NEURL4 regulates the transcriptional activity of tumor suppressor protein p53 by modulating its oligomerization
Metrics: PDF 1312 views | HTML 1829 views | ?
Monica Cubillos-Rojas1, Taiane Schneider1, Ramon Bartrons1, Francesc Ventura1 and Jose Luis Rosa1
1Departament de Ciències Fisiològiques, Campus de Bellvitge, Institut d’Investigació Biomèdica de Bellvitge (IDIBELL), Universitat de Barcelona, L’Hospitalet de Llobregat, Barcelona E-08907, Spain
Jose Luis Rosa, email: firstname.lastname@example.org
Keywords: NEURL4, p53, oligomerization, tetramerization, HERC2
Received: December 28, 2016 Accepted: May 22, 2017 Published: June 27, 2017
p53 is a transcription factor that regulates important cellular processes related to tumor suppression, including induction of senescence, apoptosis, and DNA repair as well as the inhibition of angiogenesis and cell migration. Therefore, it is critical to understand the molecular mechanism that regulates it. p53 tetramerization is a key step in its activation process and the regulation of this oligomerization, an important control point. The E3 ubiquitin ligase HERC2 controls the p53 transcriptional activity by regulation of its oligomerization state. HERC2-interacting proteins such as the adaptor-like protein with six neuralized domains NEURL4 are also candidates to regulate p53 activity. Here, we demonstrate the existence of an interaction network between NEURL4, HERC2 and p53 proteins. We report a functional interaction between NEURL4 and p53, involving the C-terminal region of p53 and the neuralized domains 3 and 4 of NEURL4. Through this interaction, NEURL4 regulates the transcriptional activity of p53. Thus, NEURL4 depletion reduced the transcriptional activity whereas NEURL4 overexpression increased it. In both cases, p53 stability was not affected. Although NEURL4 may interact with p53 independently of the E3 ubiquitin ligase HERC2, we observed that both proteins are needed to regulate the transcriptional activity of p53. Clonogenic assays confirmed the functional relevance of this interaction observing a decrease in cell growth by NEURL4 overexpression correlated to the increase of cellular cycle inhibitor p21 by p53 activation. Under these conditions, NEURL4 activated p53 oligomerization. All these findings identify NEURL4 as a novel regulator of the p53’s signaling.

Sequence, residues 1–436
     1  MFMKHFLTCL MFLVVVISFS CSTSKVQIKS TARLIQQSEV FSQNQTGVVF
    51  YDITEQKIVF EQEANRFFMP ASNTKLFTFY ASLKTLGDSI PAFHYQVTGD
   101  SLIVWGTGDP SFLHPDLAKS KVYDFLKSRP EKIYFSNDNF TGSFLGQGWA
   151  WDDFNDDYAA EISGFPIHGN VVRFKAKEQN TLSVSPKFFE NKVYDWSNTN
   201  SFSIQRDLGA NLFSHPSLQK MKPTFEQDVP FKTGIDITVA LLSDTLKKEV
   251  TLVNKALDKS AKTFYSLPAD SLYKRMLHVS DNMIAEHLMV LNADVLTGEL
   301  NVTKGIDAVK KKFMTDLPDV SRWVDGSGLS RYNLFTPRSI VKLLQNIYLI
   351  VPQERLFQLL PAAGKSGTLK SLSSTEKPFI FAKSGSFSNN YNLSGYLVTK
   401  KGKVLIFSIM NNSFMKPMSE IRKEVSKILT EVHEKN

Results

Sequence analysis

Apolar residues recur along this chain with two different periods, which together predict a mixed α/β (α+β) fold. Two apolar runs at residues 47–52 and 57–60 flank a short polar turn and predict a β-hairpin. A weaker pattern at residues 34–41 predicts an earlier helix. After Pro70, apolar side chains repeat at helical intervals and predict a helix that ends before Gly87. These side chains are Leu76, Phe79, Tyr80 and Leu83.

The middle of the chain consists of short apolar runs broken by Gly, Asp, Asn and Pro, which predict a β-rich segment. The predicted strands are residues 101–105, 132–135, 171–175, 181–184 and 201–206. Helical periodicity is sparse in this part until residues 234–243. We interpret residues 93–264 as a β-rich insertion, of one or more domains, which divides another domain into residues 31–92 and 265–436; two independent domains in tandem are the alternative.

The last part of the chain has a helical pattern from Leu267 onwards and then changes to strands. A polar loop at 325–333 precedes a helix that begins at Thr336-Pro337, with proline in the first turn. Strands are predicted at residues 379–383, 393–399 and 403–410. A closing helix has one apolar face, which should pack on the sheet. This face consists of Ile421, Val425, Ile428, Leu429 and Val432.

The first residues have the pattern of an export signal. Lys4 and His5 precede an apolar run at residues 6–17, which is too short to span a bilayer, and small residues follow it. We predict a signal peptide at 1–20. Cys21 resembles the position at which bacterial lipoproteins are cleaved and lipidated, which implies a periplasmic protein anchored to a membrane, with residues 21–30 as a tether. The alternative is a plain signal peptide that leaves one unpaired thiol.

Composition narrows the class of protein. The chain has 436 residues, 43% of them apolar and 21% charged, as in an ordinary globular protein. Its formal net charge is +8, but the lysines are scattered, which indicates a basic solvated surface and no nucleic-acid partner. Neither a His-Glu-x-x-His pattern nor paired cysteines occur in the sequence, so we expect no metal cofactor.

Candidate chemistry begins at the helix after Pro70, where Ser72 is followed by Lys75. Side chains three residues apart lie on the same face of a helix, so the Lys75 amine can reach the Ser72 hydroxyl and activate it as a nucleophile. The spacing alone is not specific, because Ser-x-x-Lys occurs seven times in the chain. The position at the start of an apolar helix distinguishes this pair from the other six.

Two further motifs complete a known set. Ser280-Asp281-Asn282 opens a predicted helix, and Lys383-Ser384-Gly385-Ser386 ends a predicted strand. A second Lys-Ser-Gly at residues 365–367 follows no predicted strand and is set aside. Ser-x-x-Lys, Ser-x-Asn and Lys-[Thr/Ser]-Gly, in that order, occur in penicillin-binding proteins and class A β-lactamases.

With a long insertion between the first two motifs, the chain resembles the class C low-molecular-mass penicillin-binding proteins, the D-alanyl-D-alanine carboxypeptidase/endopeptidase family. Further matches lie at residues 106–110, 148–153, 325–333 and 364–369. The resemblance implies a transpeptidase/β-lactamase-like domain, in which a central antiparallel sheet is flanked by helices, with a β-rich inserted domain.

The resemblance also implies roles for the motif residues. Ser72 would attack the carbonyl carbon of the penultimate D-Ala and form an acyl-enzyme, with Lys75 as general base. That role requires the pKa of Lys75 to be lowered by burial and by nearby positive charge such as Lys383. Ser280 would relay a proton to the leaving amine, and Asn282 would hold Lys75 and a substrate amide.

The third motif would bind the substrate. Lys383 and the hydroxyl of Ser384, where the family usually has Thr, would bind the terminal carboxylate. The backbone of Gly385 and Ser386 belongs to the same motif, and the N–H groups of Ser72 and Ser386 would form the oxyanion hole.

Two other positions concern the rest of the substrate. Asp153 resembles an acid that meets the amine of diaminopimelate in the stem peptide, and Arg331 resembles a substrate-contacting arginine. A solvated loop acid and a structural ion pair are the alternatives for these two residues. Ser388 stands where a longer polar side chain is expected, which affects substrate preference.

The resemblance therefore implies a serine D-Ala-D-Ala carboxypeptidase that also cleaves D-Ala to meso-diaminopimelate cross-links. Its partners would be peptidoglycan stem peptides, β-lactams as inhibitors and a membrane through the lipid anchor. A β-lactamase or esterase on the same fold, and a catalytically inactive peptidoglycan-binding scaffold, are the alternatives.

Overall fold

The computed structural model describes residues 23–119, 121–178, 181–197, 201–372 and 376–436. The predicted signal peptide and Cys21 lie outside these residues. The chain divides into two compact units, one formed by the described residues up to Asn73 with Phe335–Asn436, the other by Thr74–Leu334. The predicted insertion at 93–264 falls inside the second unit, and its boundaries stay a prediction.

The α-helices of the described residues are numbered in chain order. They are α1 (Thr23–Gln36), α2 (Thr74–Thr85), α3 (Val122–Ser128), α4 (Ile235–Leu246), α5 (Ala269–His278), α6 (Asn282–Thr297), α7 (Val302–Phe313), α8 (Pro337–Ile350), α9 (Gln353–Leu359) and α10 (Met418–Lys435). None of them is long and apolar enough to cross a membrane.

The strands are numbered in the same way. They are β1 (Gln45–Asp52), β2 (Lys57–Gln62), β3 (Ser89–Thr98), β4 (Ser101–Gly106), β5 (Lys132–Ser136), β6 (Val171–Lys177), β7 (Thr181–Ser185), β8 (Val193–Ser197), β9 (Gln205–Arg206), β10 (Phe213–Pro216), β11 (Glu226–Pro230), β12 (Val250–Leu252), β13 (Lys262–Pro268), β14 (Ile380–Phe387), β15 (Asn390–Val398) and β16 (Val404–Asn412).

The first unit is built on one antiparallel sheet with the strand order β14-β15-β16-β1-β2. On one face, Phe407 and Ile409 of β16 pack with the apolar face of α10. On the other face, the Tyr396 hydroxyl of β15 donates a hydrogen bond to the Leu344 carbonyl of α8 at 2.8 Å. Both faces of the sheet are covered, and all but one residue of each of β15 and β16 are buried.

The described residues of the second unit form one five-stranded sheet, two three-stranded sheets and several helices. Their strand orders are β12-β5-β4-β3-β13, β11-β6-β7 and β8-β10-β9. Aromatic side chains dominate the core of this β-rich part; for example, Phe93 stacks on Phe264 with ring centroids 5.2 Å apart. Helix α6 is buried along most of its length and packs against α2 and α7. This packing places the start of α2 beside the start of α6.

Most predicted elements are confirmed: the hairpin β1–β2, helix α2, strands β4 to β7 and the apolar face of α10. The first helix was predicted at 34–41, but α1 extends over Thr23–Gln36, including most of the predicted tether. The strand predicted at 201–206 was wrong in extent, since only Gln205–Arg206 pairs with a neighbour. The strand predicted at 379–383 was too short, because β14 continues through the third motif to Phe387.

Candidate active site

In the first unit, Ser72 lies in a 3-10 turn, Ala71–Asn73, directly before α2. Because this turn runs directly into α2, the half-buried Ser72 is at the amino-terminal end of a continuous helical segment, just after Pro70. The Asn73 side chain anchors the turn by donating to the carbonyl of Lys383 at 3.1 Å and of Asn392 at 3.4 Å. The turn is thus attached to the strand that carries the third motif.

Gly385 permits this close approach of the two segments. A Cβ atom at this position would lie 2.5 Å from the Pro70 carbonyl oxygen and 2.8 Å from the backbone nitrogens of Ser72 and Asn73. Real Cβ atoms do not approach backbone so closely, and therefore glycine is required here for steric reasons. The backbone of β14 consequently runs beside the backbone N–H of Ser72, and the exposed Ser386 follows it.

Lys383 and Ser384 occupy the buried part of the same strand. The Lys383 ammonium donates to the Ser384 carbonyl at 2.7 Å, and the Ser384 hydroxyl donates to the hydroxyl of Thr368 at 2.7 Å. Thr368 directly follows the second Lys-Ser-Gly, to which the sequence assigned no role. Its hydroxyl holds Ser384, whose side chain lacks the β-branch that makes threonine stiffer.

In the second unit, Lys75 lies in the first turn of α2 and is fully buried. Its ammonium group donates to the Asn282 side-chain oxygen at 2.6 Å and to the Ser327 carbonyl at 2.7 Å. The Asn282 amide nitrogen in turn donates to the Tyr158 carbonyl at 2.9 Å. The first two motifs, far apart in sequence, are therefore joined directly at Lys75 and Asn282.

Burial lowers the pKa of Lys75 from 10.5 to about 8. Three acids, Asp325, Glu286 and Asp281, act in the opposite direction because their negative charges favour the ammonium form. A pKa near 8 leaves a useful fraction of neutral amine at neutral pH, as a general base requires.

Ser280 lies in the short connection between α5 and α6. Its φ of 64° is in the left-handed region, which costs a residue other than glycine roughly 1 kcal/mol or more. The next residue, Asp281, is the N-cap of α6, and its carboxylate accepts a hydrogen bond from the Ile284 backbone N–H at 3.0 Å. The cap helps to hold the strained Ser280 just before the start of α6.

The tumor suppressor p53 plays a central role in coordinating cellular responses to stress. p53 functions as a transcription factor and, although some effects may be independent of its transcriptional activity, the p53-controlled transactivation of target genes is an essential feature in the stress response pathway, determining whether cells respond by cycle arrest, apoptosis, senescence, autophagy, metabolism and/or DNA repair. p53’s ubiquitylation, mediated by E3 ubiquitin ligases and its further proteasomal degradation, maintains low levels of p53 in unstressed cells. Stress signals, such as DNA damage, oncogene activation and hypoxia, promote p53 activation. This activation of p53 generally consists in its stabilization, binding to a sequence-specific DNA, and recruitment of the transcriptional machinery to activate the transcription of p53 target genes. During these sequential steps, p53 activation is modulated by different post-translational modifications, including ubiquitylation, phosphorylation, acetylation, sumoylation, methylation, and neddylation. p53 controls the expression of genes and miRNAs affecting many important cellular processes including proliferation, apoptosis, autophagy, DNA repair, metabolism, and cell migration. Many of these processes are essential to a variety of human pathologies and conditions extending beyond cancer, including ischemia, neurodegenerative diseases, stem cell renewal, aging, and fertility [1–7].